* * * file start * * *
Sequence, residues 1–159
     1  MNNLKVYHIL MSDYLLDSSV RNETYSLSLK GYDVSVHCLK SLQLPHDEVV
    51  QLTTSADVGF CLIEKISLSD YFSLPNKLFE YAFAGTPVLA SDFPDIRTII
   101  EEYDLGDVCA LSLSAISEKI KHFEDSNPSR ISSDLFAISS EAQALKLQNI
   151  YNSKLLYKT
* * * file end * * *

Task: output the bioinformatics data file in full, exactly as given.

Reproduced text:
Sequence, residues 1–159
     1  MNNLKVYHIL MSDYLLDSSV RNETYSLSLK GYDVSVHCLK SLQLPHDEVV
    51  QLTTSADVGF CLIEKISLSD YFSLPNKLFE YAFAGTPVLA SDFPDIRTII
   101  EEYDLGDVCA LSLSAISEKI KHFEDSNPSR ISSDLFAISS EAQALKLQNI
   151  YNSKLLYKT